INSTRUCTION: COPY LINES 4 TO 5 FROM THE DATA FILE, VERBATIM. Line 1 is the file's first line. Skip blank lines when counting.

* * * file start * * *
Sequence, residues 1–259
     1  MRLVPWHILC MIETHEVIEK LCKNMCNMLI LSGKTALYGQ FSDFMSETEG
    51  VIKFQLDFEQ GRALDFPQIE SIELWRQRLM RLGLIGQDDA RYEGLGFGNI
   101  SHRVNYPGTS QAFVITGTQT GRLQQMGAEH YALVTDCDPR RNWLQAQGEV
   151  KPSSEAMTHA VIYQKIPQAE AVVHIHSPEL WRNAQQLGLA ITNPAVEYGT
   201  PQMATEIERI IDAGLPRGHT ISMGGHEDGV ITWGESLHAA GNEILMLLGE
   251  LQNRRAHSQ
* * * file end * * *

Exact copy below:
   101  SHRVNYPGTS QAFVITGTQT GRLQQMGAEH YALVTDCDPR RNWLQAQGEV
   151  KPSSEAMTHA VIYQKIPQAE AVVHIHSPEL WRNAQQLGLA ITNPAVEYGT